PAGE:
How Dutch sports clubs and associations take their (first) data steps
Whether it’s hockey, a football club, or a general sports association, the idea that they need ‘something’ with data has now dawned on them. LINKIT organized an interactive round table session with 12 participants who work with data at their respective sports organizations to exchange insights and experiences. And getting started with data is not easy. Budgets are sometimes an issue as data has to prove itself first. This article summarises the insights of the participants in the session.
1. The Challenges
Making the first choice
If you look closely, there is a lot of data to collect for a sports club. Data about the players, performances on the field, training, and scouting players. There is also a lot of commercial data to collect. For example, many clubs only have about ten per cent of their fan base in their sights. At a football club, most fans are at home behind the television. But who are they?
It is (budgetary) not feasible for most clubs and associations to fully bet on all points. And so they have to make a choice. Do they opt for performance or commercial data? It is a challenge for clubs and associations that are more advanced to make the best possible use of the available data. In many clubs, data is still in the phase where it has to prove itself.
“Data about fan experience and performance of athletes are currently two separate worlds. However, this is coming closer together.”
The quality and quantity of the data
Of course, data is often already available. Especially at professional clubs, player performance is extensively tracked and analyzed. It would help if you always compared it with the average of older performances based on standardized values: the benchmark to gain insight from data.
The role of data within the organization
You have to avoid being seen as an ‘outsider’ that comes to the coach with a bunch of data, telling them how to do it. Data should be advisory and help the coach, not replace it. You have to look for a balance of added value without being disruptive in the current process. This is a culture change in which some clubs are more advanced than others.
2. The vision
Having a vision is not limited by any budget. So you can think about this a little more freely. What can clubs and associations achieve with data?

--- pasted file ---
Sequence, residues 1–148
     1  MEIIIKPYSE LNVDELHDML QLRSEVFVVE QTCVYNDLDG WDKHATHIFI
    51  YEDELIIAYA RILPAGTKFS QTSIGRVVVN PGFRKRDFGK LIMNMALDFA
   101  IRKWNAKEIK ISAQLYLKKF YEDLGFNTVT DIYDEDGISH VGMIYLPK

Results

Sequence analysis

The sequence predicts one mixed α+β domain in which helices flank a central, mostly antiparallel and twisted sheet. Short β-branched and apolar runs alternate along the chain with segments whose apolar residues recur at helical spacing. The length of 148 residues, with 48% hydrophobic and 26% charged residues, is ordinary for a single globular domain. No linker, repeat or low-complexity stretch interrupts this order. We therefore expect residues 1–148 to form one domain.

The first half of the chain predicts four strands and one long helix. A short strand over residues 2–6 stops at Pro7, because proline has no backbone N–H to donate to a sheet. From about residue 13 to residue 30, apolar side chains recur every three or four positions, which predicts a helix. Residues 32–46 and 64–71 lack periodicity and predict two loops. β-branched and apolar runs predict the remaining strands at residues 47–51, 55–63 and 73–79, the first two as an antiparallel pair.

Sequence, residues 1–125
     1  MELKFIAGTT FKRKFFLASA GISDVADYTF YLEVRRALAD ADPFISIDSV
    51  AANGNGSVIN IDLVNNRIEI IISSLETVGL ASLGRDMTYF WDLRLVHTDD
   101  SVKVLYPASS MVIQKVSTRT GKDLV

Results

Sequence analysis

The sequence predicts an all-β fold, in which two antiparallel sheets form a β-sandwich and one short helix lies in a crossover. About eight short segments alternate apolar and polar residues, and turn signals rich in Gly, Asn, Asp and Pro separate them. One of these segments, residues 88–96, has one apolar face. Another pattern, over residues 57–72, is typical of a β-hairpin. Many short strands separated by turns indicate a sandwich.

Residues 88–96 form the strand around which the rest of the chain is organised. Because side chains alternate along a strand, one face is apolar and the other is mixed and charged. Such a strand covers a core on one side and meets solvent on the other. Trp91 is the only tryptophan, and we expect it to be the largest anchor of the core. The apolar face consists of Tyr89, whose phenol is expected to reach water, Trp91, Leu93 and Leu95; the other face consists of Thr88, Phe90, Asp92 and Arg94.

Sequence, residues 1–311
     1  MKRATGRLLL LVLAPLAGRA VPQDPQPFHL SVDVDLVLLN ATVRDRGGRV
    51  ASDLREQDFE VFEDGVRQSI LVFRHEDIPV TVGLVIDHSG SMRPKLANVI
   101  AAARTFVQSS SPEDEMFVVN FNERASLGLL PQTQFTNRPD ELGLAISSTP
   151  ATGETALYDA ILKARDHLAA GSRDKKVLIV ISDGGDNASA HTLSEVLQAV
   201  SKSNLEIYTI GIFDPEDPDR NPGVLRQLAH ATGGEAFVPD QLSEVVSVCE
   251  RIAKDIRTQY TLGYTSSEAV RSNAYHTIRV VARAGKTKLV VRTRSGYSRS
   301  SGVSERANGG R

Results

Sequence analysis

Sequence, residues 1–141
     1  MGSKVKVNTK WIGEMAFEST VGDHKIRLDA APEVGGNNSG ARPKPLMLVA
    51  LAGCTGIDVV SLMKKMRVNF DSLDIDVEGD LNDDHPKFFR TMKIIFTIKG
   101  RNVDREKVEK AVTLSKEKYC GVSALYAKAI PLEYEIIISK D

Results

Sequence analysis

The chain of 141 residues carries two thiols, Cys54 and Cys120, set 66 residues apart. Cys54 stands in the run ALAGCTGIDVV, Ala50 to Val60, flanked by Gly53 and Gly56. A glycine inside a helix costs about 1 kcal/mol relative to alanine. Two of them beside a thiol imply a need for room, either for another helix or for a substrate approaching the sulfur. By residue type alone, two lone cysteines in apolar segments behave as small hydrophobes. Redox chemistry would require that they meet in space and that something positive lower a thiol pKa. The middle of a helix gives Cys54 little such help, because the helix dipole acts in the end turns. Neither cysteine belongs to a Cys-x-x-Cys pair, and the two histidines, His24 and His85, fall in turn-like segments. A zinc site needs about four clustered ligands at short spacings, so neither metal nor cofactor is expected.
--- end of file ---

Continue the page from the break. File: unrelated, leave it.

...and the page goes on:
More insight into the fan base
To keep in touch with fans, you cannot avoid collecting data, a name and email addresses. But much more is possible with marketing tooling. For example, by using indicators to find and serve your fan base online. How do you ensure that someone who is a supporter of your club not only cheers in front of the TV, but also buys a shirt, or a season ticket?
“Using data to improve the fan experience is about emotion.”
One of the challenges is having sufficient historical data to determine the benchmark. But what if you made the averages of the data of, for example, all hockey clubs open source? You share the data with each other, making it easier to compare performance. Of course, no club wants to reveal too much to the competition. There may also be a role for a sports association as a neutral manager of the data. You get the benchmark of the competition in exchange for your data. In any case, many sports associations see it as their task to facilitate the use and collection of data.
“Many associations don’t have the manpower, so we hope to support them in this with collaborations.”
Better player profiles
Scouting new players is something vital to the success of clubs. Judging players is now often based on the opinion of the youth coach towards the scout of a club. At the same time, youth players fluctuate quite a bit in their performance. For example, suppose there are family difficulties, such as a divorce or death; this may significantly affect performance. By collecting more and better information from talented youth players, a much more complete picture is created, and a one-off event has less impact on the total assessment of a player.
Here you start!
LINKIT has an excellent track record in all phases of this kind of ‘data adventure’, both in business and sports. As an innovation partner, our approach is to support organizations in extracting value from their data. We do this by drawing up a plan for this, helping them to set up the infrastructure for this and advising them on how to use it.